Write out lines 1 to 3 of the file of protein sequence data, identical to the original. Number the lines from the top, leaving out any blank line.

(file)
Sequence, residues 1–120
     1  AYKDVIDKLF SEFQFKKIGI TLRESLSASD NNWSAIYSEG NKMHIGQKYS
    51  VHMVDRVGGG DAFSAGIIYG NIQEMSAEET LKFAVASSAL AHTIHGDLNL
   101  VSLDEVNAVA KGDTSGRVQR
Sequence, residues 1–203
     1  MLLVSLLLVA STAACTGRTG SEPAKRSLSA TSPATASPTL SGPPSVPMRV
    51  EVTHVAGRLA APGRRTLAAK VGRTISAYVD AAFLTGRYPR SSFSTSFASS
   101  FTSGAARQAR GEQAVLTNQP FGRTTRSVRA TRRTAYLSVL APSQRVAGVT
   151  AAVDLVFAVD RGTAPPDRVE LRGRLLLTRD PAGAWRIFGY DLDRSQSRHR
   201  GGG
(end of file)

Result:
Sequence, residues 1–120
     1  AYKDVIDKLF SEFQFKKIGI TLRESLSASD NNWSAIYSEG NKMHIGQKYS
    51  VHMVDRVGGG DAFSAGIIYG NIQEMSAEET LKFAVASSAL AHTIHGDLNL